French troops have been deployed in Paris to support riot police shielding official buildings from “yellow vest” anti-government protests.
Hundreds of military trucks and armored vehicles arrived in the suburbs of Paris on the threshold of a large-scale action from the organizers of the protest, which is planned for this Saturday.
Across France, 89,000 police officers will be on duty and armoured vehicles will be deployed in the capital, Prime Minister Edouard Philippe announced.
Police have urged shops and restaurants on Paris’s Champs-Elysees to shut and some museums will also be closed.
French authorities will close dozens of museums, tourism sites and shops on Saturday, including the Eiffel Tower and Louvre, fearing a recurrence of last week’s violence in Paris, officials said on Thursday.
“We cannot take the risk when we know the threat,” Culture Minister Franck Riester told RTL radio, adding that far-right and far-left agitators were planning to hijack rallies by “yellow vest” protesters in Paris.
He said the Louvre museum, Orsay museum, the two operas, and the Grand Palais were among the sites that would be closed a week after rioters looted and defaced the Arc de Triomphe.
🇫🇷 [FLASH] – Plusieurs #GiletsJaunes nous signalent des convois de l'#Armée et des blindés de la #Gendarmerie, faire route vers #Paris pour samedi #8Décembre. pic.twitter.com/YKXrbjjnFt— La Plume Libre (@LPLdirect) 6 December 2018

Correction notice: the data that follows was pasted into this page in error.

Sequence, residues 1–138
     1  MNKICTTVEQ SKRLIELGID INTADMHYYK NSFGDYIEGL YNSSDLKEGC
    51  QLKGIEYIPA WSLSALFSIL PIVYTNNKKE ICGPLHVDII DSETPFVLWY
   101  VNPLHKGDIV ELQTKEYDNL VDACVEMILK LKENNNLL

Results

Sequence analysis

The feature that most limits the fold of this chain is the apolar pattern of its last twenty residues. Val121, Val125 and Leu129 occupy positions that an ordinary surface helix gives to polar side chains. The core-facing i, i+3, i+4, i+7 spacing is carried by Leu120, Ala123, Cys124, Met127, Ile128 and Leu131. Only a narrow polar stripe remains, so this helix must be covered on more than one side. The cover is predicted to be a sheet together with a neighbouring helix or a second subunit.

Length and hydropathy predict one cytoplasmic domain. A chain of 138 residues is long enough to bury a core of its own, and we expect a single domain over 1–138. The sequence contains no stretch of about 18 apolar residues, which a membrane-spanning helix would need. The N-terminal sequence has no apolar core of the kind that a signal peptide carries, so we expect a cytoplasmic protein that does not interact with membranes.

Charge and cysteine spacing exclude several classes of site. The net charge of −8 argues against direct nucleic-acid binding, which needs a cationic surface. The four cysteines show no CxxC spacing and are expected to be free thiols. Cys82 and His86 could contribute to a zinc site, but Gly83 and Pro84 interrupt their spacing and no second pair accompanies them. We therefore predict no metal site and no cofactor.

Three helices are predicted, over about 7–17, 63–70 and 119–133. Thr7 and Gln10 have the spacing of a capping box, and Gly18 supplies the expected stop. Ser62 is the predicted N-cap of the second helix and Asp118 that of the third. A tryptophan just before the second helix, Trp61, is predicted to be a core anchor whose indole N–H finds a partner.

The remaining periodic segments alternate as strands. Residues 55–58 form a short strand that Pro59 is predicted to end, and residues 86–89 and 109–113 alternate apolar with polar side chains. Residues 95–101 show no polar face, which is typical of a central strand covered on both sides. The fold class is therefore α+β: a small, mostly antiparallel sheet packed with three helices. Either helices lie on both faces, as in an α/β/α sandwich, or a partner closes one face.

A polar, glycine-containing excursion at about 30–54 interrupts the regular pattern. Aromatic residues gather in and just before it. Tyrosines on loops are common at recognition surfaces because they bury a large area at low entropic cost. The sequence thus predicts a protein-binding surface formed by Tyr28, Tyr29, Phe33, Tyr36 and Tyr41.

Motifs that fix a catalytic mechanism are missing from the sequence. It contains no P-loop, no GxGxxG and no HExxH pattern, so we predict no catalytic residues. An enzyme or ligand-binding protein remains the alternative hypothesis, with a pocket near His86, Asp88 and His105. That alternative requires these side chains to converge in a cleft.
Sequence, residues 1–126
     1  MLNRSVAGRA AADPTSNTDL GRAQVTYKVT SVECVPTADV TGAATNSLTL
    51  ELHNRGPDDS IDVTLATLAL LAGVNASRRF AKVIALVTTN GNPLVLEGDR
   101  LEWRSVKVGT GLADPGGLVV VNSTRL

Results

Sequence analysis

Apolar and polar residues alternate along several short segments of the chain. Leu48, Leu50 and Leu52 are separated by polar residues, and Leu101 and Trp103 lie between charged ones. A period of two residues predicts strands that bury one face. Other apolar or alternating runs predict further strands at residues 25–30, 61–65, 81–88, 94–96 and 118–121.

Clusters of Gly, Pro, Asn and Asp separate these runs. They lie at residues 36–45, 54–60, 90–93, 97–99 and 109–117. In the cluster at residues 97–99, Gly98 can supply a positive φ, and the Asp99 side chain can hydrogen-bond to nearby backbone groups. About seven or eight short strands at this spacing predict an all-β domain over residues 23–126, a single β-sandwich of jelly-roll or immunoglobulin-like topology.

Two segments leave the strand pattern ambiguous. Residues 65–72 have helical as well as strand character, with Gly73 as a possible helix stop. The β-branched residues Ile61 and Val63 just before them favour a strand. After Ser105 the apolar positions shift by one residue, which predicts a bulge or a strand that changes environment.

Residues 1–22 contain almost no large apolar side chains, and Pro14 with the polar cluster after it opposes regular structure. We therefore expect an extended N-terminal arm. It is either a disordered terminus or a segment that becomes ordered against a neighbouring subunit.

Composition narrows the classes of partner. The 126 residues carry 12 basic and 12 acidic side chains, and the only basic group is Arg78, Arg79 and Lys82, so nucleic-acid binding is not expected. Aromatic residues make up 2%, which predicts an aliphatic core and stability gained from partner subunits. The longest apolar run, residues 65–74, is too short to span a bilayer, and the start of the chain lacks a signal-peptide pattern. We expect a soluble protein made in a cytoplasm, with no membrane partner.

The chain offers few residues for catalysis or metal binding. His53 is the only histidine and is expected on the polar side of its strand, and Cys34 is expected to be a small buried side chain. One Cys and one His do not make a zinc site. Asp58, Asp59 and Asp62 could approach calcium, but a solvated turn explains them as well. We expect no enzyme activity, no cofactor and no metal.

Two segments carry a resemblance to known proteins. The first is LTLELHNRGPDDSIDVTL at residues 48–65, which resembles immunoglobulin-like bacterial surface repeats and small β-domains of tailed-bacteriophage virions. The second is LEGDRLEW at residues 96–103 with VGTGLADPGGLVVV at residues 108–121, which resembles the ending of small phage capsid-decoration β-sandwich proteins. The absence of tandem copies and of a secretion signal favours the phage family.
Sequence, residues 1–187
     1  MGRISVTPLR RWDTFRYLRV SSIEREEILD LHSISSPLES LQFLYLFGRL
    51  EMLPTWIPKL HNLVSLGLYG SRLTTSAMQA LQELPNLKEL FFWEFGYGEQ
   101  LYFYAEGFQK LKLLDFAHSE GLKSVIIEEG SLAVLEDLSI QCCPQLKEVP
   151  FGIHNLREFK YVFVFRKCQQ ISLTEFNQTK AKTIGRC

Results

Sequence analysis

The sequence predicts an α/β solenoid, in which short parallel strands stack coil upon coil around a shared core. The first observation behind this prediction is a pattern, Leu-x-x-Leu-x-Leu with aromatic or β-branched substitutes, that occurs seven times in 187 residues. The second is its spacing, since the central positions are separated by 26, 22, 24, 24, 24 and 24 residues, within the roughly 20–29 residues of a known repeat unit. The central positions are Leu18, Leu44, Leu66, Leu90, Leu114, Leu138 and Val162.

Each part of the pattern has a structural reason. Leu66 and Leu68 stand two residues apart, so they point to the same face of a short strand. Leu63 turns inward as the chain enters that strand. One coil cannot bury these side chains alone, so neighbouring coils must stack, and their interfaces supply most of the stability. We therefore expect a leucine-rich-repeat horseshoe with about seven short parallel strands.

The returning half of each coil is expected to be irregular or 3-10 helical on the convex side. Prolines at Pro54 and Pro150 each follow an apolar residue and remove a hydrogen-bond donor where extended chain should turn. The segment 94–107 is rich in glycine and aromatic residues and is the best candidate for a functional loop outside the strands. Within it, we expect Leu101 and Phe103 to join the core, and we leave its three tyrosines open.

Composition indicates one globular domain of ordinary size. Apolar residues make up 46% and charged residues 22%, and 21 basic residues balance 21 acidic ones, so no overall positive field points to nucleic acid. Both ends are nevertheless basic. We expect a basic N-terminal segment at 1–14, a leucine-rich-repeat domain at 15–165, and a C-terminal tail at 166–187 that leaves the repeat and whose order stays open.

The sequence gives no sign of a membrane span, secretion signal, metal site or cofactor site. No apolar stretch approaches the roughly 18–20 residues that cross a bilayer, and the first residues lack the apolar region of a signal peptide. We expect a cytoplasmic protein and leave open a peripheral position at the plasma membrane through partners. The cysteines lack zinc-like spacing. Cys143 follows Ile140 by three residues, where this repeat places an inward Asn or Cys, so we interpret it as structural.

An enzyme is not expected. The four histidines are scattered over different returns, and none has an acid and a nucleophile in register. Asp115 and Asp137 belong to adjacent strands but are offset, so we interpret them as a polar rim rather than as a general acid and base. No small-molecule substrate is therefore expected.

The “gilets jaunes” protesters, so-called because they have taken to the streets wearing the high-visibility yellow clothing that is required to be carried in every vehicle by French law, initially complained at a sharp increase in diesel taxes.
Mr Macron said his motivation for the increase was environmental, but protesters accused him of being out of touch.
The government later scrapped the plan but the yellow vest protesters were not placated. Last week, the movement – despite a lack of central leadership – issued more than 40 demands to government.
Among them were a minimum pension, widespread changes to the tax system, and a reduction in the retirement age.
Many protesters are law-abiding French citizens, engaged in a street protest that has huge public support and is widely seen as a legitimate democratic action.
The students, particularly, oppose the earlier education reform, which complicates the selection for admission to higher educational institutions, as well as protest a significant increase in tuition fees for foreign students.